(Professor Reich) Is that the question?

  91. Yes?
  (Professor Reich) How much do you have in common with a Latvian? That is not the question, the point is that this becomes a market of 800 million people, the largest hemispheric market in the world, the largest free trade market in the world.

  92. A market that has evolved very, very irregularly. I have been listening to Brazilians potential for about 30 years.
  (Professor Reich) I appreciate that and I understand that. The person in Southbend, where I actually lived for six months, sees the potential market for the export of products, they do not care about what they have in common with an Andean Indian, that is not the issue. Germans do not think about what they have in common with aspects of Eastern Europe, they think about potential export markets—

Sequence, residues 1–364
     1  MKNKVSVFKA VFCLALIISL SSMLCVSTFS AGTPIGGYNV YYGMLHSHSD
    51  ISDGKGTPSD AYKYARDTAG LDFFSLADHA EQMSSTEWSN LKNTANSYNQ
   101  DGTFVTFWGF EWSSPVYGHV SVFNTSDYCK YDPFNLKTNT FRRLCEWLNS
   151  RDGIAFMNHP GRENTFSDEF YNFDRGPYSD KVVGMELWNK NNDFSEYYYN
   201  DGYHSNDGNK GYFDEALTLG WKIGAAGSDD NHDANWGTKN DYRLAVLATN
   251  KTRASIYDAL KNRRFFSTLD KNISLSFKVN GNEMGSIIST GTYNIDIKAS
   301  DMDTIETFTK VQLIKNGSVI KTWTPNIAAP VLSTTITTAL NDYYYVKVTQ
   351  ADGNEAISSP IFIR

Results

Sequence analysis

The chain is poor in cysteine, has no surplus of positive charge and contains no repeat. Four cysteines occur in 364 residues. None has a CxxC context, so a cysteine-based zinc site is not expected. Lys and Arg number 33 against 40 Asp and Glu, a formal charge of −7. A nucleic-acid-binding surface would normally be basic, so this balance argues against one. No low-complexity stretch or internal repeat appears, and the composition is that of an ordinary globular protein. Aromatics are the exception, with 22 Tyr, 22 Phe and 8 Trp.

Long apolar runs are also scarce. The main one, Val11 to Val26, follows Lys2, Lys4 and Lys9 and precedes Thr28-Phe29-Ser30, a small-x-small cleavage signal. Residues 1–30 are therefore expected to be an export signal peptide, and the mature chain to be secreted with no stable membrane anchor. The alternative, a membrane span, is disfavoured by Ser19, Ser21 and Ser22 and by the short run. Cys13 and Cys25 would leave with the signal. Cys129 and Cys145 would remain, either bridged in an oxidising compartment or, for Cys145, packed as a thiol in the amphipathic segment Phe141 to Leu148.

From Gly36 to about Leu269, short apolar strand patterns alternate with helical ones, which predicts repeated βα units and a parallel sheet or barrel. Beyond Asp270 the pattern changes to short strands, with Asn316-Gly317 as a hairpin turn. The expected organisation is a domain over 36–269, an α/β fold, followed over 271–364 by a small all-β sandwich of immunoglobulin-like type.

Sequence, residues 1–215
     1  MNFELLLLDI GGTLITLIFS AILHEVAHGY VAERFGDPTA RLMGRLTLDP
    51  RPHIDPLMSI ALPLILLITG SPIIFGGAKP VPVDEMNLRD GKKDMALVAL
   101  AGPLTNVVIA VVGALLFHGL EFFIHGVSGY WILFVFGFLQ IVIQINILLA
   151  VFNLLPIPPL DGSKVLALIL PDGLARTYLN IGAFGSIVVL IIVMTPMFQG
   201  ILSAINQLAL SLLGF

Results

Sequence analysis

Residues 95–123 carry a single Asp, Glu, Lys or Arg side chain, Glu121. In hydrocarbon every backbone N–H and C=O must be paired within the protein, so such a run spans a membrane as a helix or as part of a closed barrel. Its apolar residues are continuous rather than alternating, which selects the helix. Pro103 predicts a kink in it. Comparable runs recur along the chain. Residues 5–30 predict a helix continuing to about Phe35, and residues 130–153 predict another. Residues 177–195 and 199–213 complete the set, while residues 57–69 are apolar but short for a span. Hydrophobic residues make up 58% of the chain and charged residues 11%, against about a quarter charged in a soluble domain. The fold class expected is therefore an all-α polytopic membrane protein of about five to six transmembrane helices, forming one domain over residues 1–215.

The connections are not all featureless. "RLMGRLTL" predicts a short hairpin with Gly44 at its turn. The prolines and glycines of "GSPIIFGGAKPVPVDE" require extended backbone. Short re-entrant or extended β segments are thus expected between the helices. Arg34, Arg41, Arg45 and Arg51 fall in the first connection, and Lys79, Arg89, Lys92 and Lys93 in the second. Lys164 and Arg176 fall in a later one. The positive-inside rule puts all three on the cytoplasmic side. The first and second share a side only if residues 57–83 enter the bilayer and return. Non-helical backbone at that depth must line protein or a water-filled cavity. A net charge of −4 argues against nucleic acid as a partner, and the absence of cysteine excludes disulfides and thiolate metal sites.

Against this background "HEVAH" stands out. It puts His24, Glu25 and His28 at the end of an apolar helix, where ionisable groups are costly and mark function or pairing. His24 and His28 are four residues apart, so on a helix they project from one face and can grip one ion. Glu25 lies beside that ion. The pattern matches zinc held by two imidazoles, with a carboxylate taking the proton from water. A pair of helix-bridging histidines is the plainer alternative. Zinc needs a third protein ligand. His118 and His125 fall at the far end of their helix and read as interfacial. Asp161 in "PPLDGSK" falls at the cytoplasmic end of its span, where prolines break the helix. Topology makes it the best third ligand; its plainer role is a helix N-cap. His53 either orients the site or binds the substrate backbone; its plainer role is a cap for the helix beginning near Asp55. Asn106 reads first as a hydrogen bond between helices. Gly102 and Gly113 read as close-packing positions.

93. They have security.
  (Professor Reich)—and enhancing political security, and the export of democracy and that is exactly what the Americans think about when they think about the hemispheric regions. Nobody is suggesting that all interest in Europe will end but again we are talking about nuance, we are talking about subtleties, we are talking about emphasis, focus. Here you have a President and an administration that is much more inclined towards that regional component.

  94. Professor Reich, you have given us much food for thought. We will have to work out with Sir John Kerr how we apply to the areas within the report the perspectives you have given us. Thank you very much indeed.
  (Professor Reich) You are welcome.

  Chairman: Thank you.